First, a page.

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EPA’S BROWNFIELDS PROGRAM RECOGNIZED AS INNOVATION LEADER
Release Date: 07/10/2000
FOR RELEASE: JULY 10, 2000
EPA’S BROWNFIELDS PROGRAM
RECOGNIZED AS INNOVATION LEADER
EPA’s Brownfields Program is being honored today with Vice President Gore’s National Partnership for Reinventing Government Hammer Award for innovations in government. The Brownfields Program has revolutionized the way the federal government manages the process of prevention, assessment, cleanup and redevelopment of contaminated property. The Brownfields Program employees are being recognized for their outstanding contributions that have helped open the private sector marketplace to thousands of acres of land that were once written off as blighted and deemed without value.
EPA Administrator Carol M. Browner said, “The Brownfields Program is a national model for restoring and revitalizing blighted industrial and commercial properties. The driving force behind creating a successful program like this is largely due to the diligent efforts of the dedicated EPA employees being recognized today.”
Due to the cooperative efforts of EPA, in conjunction with the states and local governments, many of these formerly blighted properties now provide hope in the form of new jobs, healthier neighborhoods, and safer streets. Once viewed as liabilities, public hazards, and investment risks, these brownfields have evolved into opportunities for developers, investors, and communities. The Brownfields program has provided over 500 pilot grants to communities totaling over $156 million.
The Brownfields program uses novel and creative approaches to return properties to productive use. The program uses small amounts of seed money to spur communities to help themselves. Funds are used to remove environmental uncertainties and galvanize existing local creativity, capitalism and free enterprise to leverage cleanup and redevelopment funding. Innovating within existing regulatory authority, the Brownfields Program is unique because it seeks out private investment as the most important source of funding to meet local goals. The program’s $200,000 site assessment grants have already leveraged over $2 billion in cleanup and redevelopment funding and returned hundreds of properties to productive reuse and created more than 6,000 jobs.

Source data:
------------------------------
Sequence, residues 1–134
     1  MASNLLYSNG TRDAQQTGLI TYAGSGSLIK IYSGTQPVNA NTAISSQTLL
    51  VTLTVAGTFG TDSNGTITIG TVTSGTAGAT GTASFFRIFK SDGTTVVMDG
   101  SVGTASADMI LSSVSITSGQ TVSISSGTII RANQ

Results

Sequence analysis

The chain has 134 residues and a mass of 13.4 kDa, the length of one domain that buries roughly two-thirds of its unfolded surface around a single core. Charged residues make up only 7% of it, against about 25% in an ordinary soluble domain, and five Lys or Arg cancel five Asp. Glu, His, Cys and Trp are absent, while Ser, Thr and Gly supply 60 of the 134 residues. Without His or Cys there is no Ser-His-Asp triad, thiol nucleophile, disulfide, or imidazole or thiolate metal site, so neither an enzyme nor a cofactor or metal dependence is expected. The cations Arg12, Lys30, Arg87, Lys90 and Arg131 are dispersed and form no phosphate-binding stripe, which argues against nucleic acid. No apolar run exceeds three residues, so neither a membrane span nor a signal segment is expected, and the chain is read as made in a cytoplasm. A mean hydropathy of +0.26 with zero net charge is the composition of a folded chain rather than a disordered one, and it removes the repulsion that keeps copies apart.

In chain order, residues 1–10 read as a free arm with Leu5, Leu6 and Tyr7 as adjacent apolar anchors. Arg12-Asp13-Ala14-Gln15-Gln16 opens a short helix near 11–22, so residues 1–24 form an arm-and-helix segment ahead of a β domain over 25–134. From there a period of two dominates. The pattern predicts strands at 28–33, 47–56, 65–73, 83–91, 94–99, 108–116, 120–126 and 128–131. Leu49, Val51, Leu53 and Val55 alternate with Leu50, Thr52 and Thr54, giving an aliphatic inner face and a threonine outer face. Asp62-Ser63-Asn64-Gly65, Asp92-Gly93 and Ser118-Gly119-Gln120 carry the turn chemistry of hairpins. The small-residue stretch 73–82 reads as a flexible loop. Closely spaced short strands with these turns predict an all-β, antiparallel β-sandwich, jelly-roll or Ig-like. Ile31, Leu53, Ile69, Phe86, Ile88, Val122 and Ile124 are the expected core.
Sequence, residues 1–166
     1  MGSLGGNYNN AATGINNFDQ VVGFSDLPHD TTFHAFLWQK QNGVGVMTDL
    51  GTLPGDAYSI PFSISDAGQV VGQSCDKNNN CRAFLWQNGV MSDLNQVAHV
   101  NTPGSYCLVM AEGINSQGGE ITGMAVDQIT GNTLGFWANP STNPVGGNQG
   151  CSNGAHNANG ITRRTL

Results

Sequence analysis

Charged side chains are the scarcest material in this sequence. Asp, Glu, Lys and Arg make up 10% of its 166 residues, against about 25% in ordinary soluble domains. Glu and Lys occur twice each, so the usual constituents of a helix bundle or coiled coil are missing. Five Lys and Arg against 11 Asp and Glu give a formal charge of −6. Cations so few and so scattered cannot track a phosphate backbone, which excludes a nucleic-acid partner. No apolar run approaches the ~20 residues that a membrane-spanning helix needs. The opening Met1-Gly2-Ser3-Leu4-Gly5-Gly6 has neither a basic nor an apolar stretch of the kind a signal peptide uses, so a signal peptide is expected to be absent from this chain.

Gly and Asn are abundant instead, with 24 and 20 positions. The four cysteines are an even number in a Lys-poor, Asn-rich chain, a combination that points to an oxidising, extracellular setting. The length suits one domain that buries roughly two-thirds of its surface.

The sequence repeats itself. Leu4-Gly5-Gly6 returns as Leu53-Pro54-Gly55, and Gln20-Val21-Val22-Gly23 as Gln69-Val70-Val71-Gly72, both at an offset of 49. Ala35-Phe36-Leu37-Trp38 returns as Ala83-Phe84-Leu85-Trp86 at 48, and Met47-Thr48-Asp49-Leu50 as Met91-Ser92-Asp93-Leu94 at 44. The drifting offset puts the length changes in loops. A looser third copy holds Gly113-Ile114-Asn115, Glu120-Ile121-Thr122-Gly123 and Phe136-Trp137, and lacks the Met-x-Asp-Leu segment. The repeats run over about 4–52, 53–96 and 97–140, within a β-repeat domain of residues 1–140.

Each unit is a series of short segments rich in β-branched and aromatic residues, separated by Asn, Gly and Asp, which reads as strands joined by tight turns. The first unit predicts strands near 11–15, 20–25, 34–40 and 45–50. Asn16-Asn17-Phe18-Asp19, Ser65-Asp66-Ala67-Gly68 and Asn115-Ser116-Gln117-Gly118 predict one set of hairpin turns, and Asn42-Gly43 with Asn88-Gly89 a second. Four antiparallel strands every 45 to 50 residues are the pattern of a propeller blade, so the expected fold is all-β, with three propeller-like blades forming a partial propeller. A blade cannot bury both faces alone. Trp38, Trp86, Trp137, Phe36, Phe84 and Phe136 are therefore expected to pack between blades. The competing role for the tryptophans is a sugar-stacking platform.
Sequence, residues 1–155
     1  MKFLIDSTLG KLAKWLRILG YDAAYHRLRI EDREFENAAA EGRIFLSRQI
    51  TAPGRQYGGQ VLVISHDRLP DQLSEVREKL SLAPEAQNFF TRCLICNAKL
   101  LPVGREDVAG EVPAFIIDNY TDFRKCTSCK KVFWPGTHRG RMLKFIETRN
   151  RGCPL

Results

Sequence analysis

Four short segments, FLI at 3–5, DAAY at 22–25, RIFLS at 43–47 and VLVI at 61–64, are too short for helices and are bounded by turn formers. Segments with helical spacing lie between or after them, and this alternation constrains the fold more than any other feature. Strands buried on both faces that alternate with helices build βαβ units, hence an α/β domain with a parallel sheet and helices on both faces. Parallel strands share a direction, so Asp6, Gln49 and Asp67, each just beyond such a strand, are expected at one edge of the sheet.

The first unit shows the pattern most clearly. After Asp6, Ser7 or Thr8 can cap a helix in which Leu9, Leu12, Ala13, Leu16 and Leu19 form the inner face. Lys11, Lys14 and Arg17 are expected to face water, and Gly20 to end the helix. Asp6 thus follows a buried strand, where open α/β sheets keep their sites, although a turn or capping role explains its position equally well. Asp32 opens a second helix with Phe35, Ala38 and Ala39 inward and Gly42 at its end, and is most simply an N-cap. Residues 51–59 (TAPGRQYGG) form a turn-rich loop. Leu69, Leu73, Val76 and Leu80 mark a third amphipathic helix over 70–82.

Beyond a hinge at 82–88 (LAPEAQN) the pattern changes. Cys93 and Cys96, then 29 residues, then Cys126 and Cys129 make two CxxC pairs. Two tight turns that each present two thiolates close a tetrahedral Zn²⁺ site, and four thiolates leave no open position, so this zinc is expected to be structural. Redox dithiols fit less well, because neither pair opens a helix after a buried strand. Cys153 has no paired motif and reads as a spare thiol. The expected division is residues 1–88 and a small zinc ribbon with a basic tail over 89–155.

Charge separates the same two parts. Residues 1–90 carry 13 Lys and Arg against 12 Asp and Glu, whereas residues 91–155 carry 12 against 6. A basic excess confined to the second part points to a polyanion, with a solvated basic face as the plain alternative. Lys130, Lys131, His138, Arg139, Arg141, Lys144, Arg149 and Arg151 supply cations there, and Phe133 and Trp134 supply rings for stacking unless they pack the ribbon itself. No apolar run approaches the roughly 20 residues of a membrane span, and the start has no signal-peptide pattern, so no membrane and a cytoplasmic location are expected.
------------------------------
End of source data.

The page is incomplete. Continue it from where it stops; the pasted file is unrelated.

The Hammer Award is presented to teams of federal employees who have made significant contributions in support of reinventing government principles. In 1993, President Clinton presented Vice President Gore with a challenge to create a government that works better, costs less and gets results Americans care about. Vice President Gore created the Hammer Award to recognize the innovative and important work done by the American government worker and those they partner with.
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